twist that is absolutely wonderfully telegraphed! So much so that if you're ever accidentally spoiled because you = or some prick told = never fear. It's in the Final Fantasy X school of = just as rewarding knowing the twist as not knowing

funny   all without sacrificing the spooky tone, as the laughs all come from   character, rather than the =, so the atmosphere itself is untouched. Maybe even improved. It's always a good sign when you can jump from one = to the other and pull it off. There's one particular =  that I quite appreciated. There comes a point where = is attacked  encounters the beast, and is terrified, and instead of having her be instantly chipper next scene, the = instead focus on other characters for the remaining laughs

10:25, I simply jitter to go to Java, 14:25, 18:30  What kind of 6 year old were you? 23

direction   interesting shots   werewolf transitions are very interestingly done, both from a cinematic standpoint, and an effects one!  very cheesy phone montage near the end

She Wolf of London

Phyllis Allenby is a sweet young girl, living at her family estate with her Aunt Martha and cousin Carol. Her life is going well, and she's engaged to a nice young man, but there's something gnawing away at her-The curse of the Allenby's. The members of the family are said to tranform into wolves when the moon is bright, and the last few nights, Phyllis has woken up covered in dirt, with strange footprints leading in from the window...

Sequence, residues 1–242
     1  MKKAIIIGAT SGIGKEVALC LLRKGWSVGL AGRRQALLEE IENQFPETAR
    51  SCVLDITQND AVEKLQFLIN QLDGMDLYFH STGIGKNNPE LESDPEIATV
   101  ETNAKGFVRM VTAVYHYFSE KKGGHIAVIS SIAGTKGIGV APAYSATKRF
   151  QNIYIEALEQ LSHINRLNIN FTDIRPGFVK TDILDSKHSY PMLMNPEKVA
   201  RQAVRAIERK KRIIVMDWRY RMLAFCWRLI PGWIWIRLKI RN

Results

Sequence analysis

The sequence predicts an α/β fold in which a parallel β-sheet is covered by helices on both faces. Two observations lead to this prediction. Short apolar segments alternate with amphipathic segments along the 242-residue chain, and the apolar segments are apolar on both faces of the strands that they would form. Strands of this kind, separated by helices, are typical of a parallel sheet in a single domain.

We're skipping ahead a few years now, but that's only because She Wolf of London bears = to the earlier standalone Universal features, rather than the crossovers and = that came =. Also, it'd feel weird sandwiching the really famous = in-between the more obscure ones!

Something interesting is that the cast is primarily made up of women! Phyllis, Carol, Martha the matriarch, and the kindly servant Hannah

I'll try to dance around the subject delicately, though it's not that much of a secret. She Wolf of London has a certain reveal that some object too, calling cheap and =. I disagree. The movie never lies about what it is, or makes false pretenses  It always presents the possibility that if not actually cursed, Phyllis might just be prone to fits of madness where she thinks she's a wolf.  The fact that  and the movie always has a bent of mystery means it never feels like a werewolf movie with no werewolves, like say Howling VII.